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What is the Future for the Euro
Foreign Currency DirectOct 20, 2011 10:51 BST
TOP STORY – Six Days until the End of the World
This is a dramatic realisation as quoted from Timothy Geithner which every tax payer consciously or not will be affected by in a matter so severe that without coming to terms with indebted nations economic stability could cause the ship that is Greece to sink and pull other Eurozone rescue parties down with it. During meetings with G20 members Timothy Geithner warned that without a massive firewall; preventing contagion from Greece spreading to fellow Eurozone countries would be all but inevitabile.
Some might argue that with a sustainable growth plan in place Greece can still be recovered and I would have to agree; However with Greek debt only getting bigger and the strikes all across Greece getting worse the country is turning into anarchy. Having to adhere to the tough austerity measures is becoming unrealistic and
with Greek interest rates nearing the 200% marker on its one year bonds (which they are paying off with bailout money); It seems improbable a radical improvement will occur soon.
This is certainly uncharted territory for the Euro with only one absolute result; movement and volatility guaranteed. It just depends on whether Greece manage to scrape themselves back or fail. One of the two will determine how much movement we will experience; either way it will not be positive for Euro.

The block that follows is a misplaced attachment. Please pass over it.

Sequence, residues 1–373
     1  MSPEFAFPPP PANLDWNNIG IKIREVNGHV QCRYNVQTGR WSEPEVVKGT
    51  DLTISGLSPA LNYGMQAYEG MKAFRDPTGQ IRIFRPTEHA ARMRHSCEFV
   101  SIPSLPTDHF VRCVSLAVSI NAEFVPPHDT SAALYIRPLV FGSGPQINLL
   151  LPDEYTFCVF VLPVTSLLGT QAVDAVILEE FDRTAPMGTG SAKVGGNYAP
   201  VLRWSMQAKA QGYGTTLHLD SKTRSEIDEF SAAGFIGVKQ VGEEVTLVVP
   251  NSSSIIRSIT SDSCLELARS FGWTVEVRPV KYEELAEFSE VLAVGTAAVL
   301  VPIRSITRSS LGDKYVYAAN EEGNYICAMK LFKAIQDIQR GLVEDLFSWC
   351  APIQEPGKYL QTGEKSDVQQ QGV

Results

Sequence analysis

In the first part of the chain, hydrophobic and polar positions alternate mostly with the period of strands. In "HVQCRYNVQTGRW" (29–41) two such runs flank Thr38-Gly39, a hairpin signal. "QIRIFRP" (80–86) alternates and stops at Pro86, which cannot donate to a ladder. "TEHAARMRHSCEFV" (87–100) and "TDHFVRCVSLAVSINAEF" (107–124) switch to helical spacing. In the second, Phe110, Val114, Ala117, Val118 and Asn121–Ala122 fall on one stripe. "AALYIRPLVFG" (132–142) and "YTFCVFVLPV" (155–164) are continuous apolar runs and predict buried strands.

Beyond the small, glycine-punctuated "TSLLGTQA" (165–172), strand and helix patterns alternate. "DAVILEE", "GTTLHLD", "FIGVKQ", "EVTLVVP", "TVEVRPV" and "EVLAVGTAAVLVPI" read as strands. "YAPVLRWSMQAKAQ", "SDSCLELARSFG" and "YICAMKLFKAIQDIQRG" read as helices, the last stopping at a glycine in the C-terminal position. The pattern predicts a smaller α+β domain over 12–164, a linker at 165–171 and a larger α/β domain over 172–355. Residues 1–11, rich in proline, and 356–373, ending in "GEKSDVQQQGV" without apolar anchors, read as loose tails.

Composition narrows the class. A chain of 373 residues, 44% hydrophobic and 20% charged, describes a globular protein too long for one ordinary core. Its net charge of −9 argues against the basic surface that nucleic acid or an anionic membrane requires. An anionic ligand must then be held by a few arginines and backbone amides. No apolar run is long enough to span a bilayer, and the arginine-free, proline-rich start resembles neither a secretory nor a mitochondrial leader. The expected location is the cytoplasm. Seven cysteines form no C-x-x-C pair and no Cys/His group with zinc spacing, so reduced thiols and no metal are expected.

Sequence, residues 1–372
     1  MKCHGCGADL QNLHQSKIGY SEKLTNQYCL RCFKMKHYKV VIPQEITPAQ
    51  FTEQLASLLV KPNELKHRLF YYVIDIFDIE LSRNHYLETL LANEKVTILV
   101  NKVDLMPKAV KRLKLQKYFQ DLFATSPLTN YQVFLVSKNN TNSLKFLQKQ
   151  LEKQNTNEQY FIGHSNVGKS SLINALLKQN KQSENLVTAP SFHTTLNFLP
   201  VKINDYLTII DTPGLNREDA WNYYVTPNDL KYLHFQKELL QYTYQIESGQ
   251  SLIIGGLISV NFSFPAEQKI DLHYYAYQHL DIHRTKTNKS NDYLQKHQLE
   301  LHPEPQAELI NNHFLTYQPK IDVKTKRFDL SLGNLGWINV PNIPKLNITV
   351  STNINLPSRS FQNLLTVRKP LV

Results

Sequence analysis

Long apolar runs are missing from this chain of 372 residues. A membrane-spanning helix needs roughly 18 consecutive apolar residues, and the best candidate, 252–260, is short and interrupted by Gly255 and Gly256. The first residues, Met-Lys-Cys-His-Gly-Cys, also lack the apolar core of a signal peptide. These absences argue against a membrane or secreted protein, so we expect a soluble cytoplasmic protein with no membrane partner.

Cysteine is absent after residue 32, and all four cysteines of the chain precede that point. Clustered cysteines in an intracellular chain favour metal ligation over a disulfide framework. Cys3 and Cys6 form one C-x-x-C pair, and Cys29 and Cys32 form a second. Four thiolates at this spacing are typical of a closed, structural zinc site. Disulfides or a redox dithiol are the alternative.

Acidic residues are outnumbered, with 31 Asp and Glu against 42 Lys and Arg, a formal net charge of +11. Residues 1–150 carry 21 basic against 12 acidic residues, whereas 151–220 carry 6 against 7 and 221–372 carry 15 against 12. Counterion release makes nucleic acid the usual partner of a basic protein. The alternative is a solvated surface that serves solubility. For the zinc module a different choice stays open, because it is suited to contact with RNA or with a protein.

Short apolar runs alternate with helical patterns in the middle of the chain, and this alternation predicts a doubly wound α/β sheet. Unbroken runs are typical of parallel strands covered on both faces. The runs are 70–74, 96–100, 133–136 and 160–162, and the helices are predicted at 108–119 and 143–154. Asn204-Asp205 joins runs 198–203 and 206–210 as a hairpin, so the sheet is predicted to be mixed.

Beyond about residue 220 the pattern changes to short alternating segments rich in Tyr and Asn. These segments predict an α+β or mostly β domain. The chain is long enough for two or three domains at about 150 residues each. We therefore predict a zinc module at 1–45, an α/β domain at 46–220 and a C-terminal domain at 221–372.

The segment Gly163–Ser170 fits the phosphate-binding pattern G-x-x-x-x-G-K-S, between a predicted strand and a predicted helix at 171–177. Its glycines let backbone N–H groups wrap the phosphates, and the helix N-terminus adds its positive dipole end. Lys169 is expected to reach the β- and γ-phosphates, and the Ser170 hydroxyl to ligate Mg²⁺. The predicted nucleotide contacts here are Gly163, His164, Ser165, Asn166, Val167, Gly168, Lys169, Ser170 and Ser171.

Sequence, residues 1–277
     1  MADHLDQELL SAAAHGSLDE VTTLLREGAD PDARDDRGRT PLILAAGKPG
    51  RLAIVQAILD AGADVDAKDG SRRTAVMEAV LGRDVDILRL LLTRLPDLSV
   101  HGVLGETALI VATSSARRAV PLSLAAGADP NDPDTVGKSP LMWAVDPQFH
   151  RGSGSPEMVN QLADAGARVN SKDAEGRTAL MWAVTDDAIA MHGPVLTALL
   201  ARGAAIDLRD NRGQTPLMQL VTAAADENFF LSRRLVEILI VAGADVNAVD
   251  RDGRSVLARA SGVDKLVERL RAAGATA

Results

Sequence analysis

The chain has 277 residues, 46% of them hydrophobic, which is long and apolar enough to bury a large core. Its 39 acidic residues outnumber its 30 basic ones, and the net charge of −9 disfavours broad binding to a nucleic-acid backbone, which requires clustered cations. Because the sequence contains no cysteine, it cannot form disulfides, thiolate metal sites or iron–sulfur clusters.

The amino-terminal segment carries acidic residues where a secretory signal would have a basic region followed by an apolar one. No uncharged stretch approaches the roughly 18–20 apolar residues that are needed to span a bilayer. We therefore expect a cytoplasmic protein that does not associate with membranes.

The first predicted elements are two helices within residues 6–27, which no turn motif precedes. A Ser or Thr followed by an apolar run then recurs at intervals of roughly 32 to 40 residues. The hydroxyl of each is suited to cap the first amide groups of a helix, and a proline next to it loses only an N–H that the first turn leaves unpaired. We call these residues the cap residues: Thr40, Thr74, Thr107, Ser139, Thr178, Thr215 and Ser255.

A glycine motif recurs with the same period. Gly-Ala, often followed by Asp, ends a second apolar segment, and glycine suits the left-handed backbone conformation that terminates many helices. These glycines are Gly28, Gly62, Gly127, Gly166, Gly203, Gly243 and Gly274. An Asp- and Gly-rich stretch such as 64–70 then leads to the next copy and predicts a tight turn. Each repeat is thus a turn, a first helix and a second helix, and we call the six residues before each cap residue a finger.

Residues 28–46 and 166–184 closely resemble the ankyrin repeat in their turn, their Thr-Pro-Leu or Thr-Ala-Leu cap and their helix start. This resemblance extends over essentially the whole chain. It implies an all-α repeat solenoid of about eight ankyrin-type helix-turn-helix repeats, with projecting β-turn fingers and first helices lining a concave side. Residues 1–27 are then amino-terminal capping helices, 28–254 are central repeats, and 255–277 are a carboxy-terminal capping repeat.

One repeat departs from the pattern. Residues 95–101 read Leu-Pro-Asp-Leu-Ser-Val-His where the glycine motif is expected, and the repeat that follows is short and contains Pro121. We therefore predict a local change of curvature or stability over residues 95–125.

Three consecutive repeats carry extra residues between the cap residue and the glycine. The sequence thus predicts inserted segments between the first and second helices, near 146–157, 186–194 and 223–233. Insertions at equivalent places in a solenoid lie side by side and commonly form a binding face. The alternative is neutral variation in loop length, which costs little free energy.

Anyone can paint a gloomy picture however this information is certainly not the worst of the situation and any individual with any kind of exposure (corporate or private) should look to protect their interests by contacting one of our experienced Currency Specialists on this number: 01494 725353 and discuss their potential
exposure to this outcome.
A Miserable Britain:
With the release of CPI hitting 5.2% and RPI hitting highs of 5.6% this year and high unemployment; Britain’s Misery index is at its highest since Black Wednesday in 1992. To put it simply the misery index is an indication for the well being of an economy measured simply by adding unemployment by inflation. An increasing index represents a worsening economy. With the holiday season fast approaching and the release of these high interest figures and unemployment can only mean a sharp dip in retail sales coupled with increased energy bills means some will be looking at a cold and unappreciated winter. On a positive note for sterling the BoE is confident that as we are not subject to the same scenario which occurred last year with VAT and oil prices so inflation should settle during the course of 2012. That aside however the misery index will stay high for until at least Q2 of 2012 as unemployment is expected to rise to 3million which will make up for any reduction in inflation figures.
As a recovering currency from recent lows sterling is not left in a strong position over the coming months as investors view this level of stagflation as a weakness on the British economy. To speak to one of our advisors about utilising different contract types in order to avoid any potential losses please register with us by clicking the following link: www.currencies.co.uk/registration
U.S Dollar Outlook:
House building figures released at 13:30 yesterday showed that new builds in the US have hit its fastest pace for 17 months in September however the majority of growth was focussed on apartments and not family homes showing a lack of confidence from US construction firms for future prospects. This with the US manufacturing data up by 0.2% in September and the 1.1% increase in retail sales would indicate a positive outlook for the dollar and move to a stronger position against sterling in the not too distant future.